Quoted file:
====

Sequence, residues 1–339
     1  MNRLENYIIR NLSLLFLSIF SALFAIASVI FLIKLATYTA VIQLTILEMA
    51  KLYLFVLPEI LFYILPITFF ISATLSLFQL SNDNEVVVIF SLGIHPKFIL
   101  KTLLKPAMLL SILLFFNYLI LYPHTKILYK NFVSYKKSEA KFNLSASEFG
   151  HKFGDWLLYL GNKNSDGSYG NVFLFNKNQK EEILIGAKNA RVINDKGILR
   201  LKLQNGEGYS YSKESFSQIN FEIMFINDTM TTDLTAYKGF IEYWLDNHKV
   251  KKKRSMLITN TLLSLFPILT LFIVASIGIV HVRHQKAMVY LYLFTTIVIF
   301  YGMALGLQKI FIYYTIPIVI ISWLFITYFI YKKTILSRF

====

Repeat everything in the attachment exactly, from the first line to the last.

Sequence, residues 1–339
     1  MNRLENYIIR NLSLLFLSIF SALFAIASVI FLIKLATYTA VIQLTILEMA
    51  KLYLFVLPEI LFYILPITFF ISATLSLFQL SNDNEVVVIF SLGIHPKFIL
   101  KTLLKPAMLL SILLFFNYLI LYPHTKILYK NFVSYKKSEA KFNLSASEFG
   151  HKFGDWLLYL GNKNSDGSYG NVFLFNKNQK EEILIGAKNA RVINDKGILR
   201  LKLQNGEGYS YSKESFSQIN FEIMFINDTM TTDLTAYKGF IEYWLDNHKV
   251  KKKRSMLITN TLLSLFPILT LFIVASIGIV HVRHQKAMVY LYLFTTIVIF
   301  YGMALGLQKI FIYYTIPIVI ISWLFITYFI YKKTILSRF